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Report: 200,000 Affordable Housing Units Lost Across NY State

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 By Michael Clifford/Mike Clifford, Contact
December 3, 2008

New York, NY — Affordable housing is disappearing in New York, and a new report finds the problem is most severe in the city itself, which lost more than 200,000 affordable units in just three years. The report finds many of the 1.5 million immigrants who have come to New York since the year 2000 are particularly hard hit.

More than half are like Gladys Puglia, a single mother of three from Ecuador, who pays well over half of her income for rent.

"I get paid twice a month; my first check, I have to hold it, so the next check I have to add with my first check to pay the rent — it takes more than 80 percent of it."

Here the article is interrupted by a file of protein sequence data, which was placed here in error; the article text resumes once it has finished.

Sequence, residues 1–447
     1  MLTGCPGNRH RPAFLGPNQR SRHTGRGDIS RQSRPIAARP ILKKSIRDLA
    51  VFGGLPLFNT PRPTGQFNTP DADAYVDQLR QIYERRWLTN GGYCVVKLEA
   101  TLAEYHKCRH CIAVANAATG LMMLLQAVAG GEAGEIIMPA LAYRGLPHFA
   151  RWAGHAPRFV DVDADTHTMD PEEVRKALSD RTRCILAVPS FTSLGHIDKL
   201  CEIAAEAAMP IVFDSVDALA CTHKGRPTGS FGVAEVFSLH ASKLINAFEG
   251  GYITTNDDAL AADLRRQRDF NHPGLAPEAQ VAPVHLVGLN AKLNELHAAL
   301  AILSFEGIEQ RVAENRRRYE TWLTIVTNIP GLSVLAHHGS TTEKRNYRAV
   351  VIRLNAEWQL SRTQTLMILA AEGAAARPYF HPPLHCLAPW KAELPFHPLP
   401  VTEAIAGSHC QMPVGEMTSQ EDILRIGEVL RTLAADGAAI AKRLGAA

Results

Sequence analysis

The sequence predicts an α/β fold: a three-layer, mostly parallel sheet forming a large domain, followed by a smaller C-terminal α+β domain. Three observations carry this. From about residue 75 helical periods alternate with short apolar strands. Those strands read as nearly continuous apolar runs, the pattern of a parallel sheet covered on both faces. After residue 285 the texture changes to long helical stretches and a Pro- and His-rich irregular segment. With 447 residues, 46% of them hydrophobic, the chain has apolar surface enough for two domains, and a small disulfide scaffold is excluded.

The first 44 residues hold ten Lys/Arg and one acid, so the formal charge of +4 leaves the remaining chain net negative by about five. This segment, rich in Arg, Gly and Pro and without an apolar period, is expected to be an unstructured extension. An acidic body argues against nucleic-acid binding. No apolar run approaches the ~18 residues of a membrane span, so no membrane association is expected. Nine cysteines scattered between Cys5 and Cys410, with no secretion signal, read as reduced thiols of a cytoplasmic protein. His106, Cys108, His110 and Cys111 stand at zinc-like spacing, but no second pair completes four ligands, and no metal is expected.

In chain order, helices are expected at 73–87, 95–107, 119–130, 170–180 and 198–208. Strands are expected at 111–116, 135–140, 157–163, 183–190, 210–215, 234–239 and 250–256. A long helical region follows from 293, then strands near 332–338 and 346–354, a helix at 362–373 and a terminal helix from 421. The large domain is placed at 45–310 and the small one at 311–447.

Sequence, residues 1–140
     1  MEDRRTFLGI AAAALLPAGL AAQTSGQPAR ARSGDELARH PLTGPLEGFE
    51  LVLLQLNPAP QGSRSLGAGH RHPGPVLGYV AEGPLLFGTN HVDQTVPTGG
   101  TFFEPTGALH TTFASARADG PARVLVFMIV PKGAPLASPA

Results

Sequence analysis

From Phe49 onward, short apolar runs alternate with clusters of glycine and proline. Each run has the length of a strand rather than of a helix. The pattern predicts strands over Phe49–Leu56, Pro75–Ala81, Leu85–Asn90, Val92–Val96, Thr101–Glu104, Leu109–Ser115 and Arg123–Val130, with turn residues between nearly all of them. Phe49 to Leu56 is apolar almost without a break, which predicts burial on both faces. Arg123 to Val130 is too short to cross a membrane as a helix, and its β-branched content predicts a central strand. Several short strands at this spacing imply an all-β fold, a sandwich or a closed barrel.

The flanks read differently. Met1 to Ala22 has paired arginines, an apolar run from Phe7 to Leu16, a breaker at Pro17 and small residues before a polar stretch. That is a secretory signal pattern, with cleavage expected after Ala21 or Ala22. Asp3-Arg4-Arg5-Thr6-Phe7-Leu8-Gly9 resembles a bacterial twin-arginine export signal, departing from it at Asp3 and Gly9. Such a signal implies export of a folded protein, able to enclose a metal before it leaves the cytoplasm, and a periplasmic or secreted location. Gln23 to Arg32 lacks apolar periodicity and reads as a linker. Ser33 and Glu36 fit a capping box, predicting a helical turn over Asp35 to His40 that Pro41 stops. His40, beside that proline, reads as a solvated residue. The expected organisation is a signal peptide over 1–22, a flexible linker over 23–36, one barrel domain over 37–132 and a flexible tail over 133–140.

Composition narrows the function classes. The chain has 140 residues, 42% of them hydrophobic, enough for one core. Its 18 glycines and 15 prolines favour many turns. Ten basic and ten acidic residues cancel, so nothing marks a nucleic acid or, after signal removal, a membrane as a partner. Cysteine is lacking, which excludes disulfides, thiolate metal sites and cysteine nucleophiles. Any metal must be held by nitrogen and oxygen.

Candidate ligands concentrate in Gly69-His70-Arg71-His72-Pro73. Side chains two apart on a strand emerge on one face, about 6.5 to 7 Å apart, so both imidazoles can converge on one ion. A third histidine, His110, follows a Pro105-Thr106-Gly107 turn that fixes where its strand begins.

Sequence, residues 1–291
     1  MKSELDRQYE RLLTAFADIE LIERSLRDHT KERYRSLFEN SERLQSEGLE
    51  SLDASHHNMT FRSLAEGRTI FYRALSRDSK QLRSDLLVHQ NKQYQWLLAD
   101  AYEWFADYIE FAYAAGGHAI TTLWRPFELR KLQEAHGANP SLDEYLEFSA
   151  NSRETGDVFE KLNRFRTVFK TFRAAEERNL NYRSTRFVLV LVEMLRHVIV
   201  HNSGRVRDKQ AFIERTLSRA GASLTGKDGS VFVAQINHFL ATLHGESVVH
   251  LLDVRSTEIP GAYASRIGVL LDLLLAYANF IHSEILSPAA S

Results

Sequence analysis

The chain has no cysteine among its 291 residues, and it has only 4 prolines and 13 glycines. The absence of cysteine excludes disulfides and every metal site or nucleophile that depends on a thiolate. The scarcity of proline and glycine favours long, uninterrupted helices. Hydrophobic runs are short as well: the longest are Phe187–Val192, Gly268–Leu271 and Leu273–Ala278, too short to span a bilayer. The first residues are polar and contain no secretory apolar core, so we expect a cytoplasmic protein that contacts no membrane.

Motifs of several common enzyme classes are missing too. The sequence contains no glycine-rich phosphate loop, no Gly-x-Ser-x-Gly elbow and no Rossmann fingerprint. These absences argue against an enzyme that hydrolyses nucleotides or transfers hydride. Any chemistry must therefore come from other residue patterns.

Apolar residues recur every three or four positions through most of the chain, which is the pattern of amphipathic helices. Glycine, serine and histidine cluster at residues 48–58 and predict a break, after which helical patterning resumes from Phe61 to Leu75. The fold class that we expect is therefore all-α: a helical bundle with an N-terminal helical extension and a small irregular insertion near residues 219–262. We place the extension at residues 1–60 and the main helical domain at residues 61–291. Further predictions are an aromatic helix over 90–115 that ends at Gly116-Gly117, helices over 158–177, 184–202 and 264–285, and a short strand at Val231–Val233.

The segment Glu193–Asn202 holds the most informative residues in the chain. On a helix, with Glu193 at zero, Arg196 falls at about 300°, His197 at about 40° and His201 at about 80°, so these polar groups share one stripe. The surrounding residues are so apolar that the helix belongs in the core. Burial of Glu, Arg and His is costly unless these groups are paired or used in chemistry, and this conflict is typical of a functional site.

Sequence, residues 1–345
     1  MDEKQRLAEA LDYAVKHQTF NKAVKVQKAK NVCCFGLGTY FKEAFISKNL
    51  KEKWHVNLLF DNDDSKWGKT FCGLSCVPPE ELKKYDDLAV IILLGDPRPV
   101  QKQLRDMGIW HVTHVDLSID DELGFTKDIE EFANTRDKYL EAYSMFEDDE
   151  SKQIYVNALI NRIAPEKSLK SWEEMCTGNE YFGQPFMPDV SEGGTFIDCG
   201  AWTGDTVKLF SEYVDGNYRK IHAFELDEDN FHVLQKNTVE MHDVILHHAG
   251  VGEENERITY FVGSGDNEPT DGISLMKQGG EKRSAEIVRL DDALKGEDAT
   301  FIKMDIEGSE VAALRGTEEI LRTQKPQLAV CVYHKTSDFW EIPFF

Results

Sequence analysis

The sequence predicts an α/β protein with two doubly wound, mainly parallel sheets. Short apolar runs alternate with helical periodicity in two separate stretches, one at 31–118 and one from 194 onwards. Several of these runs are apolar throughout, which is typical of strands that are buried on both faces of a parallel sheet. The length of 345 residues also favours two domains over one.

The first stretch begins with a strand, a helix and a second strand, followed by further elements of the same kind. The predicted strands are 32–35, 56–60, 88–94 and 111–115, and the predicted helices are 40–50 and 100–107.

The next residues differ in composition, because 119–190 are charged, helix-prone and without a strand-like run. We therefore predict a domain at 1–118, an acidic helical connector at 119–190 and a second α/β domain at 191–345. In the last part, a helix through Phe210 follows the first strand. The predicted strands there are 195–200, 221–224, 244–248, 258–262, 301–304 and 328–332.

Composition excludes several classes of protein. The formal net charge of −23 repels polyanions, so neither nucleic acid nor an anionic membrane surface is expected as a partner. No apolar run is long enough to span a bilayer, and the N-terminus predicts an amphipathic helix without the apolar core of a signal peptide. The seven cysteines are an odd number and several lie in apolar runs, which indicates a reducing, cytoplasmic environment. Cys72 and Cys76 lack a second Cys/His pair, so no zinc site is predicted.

Senator Charles Schumer (D-NY)is calling on the Securities and Exchange Commission to investigate whether loans for affordable housing units in New York were based on "shoddy lending practices." His office has heard concerns that landlords of more than 60,000 apartments for working-class New Yorkers could be in danger of going bankrupt.

Gladys Puglia says somebody has to start looking out for working-class and low-income New Yorkers, because affordable apartments are on the way out in her neighborhood, the Bushwick section of Brooklyn.

"Now, the apartments that used to cost 500, 600, 700 dollars, now they cost 2,800-2,900 dollars. A couple of families moved in, but they already moved out, because they can't afford it. And, now we are probably losing two more buildings from my neighborhood."

The report from the Pratt Center for Community Development also finds that immigrants are more likely to live in overcrowded conditions in New York. The full housing report will be issued today at the headquarters of the New York Immigration Coalition.

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